Journalists use terms and labels daily to communicate meaning and historical significance to their readers. Now and then a term or label becomes so overused, misused or underused, that a reevaluation of that term or label is needed. While most newsroom discussions are best kept off the news pages due to their sheer banality, the discussion of how to describe groups is relevant. What better way to hash out the discussion than by sharing it with your readers? USA Today's Cathy Lynn Grossman did that for us in an excellent pair of pieces earlier this week that provide an ideal platform for discussing a tricky but very important word for religion reporters: evangelical. Here is how the main piece leads off:
Who's an evangelical? Until last year the answer seemed clear: Evangelical was the label of choice of Christians with conservative views on politics, economics and Biblical morality.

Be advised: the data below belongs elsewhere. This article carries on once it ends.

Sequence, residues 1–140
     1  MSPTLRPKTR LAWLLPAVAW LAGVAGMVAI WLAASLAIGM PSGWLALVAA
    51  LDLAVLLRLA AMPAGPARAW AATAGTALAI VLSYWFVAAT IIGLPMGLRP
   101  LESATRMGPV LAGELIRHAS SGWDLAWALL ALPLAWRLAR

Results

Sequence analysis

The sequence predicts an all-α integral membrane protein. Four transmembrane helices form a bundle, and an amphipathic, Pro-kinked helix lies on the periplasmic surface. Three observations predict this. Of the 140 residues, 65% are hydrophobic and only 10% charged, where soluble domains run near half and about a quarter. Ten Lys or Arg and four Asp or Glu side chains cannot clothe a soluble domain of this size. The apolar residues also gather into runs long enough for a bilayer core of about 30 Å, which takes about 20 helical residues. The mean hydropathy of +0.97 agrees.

Now the word may be losing its moorings, sliding toward the same linguistic demise that "fundamentalist" met decades ago because it has been misunderstood, misappropriated and maligned.
"Save the E-Word," was the headline on a fall editorial in Christianity Today, the 50-year-old magazine founded by Billy Graham. It quoted opinion polls in England and the USA showing "the tide has gone out" on the term, increasingly seen as negative and extremist. "When I travel, I call myself a 'creedal Christian' now," says Francis Beckwith, president of the Evangelical Theological Society and a professor at Baylor University in Waco, Texas.
In a very helpful sidebar, someone -- can we presume it was Grossman? -- outlines a short history of the terms "fundamentalist" and "evangelical." The origin of the terms comes down to "different views on how to be a faithful Christian," and that is exactly why the terms matter so much.
The problem for journalists, as these words slide into obscurity as useful words in daily journalism, is what to replace them with. What should journalists call Christians who maintain the "inerrancy of Scripture" and "belief in God the Father, Son and Holy Spirit as 'separate but equal in attributes and glory' and essential for salvation"?